Lawmakers Seek to Rescind Medals of Honor from Soldiers Who Carried Out Wounded Knee Massacre

The House of Representatives has made a motion to posthumously remove Medals of Honor to U.S. soldiers who were involved in the 1890 Wounded Knee massacre in which an estimated 250 Native Americans, mostly women, and children, were killed.

Army Times reported that legislation was passed to restore the medals, the nation’s highest honor for valor. It was an amendment to the fiscal 2023 defense bill.

According to the report, similar efforts have been made in the past but were eventually abandoned during compromises between Senate and House versions of the bill.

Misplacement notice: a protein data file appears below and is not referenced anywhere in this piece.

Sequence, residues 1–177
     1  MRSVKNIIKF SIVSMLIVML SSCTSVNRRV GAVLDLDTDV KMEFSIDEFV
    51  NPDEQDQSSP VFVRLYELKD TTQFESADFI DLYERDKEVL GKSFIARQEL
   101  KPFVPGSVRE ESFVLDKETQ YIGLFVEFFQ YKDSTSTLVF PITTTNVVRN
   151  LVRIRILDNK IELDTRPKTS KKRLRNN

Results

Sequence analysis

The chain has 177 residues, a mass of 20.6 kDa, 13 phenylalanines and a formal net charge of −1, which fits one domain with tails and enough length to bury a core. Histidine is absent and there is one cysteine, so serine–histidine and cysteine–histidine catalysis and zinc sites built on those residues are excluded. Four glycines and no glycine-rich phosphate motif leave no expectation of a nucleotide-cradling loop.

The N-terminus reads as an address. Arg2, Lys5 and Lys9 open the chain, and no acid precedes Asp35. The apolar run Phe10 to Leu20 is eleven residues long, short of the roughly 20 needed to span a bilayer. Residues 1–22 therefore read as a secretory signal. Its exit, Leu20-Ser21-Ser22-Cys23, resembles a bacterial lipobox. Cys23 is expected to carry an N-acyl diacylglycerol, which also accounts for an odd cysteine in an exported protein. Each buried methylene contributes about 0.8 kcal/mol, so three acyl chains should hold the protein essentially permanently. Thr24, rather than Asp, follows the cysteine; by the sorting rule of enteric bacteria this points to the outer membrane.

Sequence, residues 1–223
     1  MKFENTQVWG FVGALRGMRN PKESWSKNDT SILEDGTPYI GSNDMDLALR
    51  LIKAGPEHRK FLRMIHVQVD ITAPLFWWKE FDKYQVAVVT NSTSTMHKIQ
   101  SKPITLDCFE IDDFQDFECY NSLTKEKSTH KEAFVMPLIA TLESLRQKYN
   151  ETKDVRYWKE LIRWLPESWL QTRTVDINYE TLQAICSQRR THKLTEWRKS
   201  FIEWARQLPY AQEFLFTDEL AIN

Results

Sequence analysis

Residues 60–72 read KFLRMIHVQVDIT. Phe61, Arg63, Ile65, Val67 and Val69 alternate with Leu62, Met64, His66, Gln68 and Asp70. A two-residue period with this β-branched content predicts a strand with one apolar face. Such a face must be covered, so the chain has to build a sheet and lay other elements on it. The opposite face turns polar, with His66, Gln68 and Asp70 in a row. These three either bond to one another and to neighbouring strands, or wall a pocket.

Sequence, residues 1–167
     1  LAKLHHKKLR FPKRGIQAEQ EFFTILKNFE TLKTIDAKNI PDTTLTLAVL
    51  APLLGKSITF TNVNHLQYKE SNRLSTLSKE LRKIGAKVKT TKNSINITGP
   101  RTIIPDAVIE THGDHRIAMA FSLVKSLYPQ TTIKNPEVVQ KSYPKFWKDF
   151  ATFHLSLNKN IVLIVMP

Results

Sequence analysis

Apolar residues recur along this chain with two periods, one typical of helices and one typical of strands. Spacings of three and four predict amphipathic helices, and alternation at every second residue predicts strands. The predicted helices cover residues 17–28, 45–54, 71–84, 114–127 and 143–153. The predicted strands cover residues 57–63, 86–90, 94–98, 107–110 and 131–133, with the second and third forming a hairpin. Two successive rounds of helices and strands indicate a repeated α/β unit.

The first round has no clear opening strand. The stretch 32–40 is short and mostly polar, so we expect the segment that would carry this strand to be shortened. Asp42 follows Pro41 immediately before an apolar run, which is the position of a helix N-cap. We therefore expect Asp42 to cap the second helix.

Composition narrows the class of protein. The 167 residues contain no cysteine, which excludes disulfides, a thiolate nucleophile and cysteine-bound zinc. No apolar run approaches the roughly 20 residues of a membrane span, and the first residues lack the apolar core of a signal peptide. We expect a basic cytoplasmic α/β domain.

For their actions in the massacre at Pine Ridge Indian Reservation in South Dakota, Dec. 29, 1890, near Wounded Knee Creek, 20 soldiers of the 7th U.S. Cavalry Regiment received Medals of Honor.

The U.S. wanted to annex the Great Sioux Reservation. This was a violation of the 1868 Treaty of Laramie that stated that the tribe would settle in the Black Hills, then part of the Dakota Territory.

Wounded Knee was the scene of the death of more than 30 soldiers, not counting hundreds of Native Americans.

On Wounded Knee’s centenary in 1990, Congress apologized for the massacre but did not revoke the medals. In 1996, late GOP Sen. John McCain, then chairman of the Senate Committee on Indian Affairs, said the massacre did not warrant taking away the medals.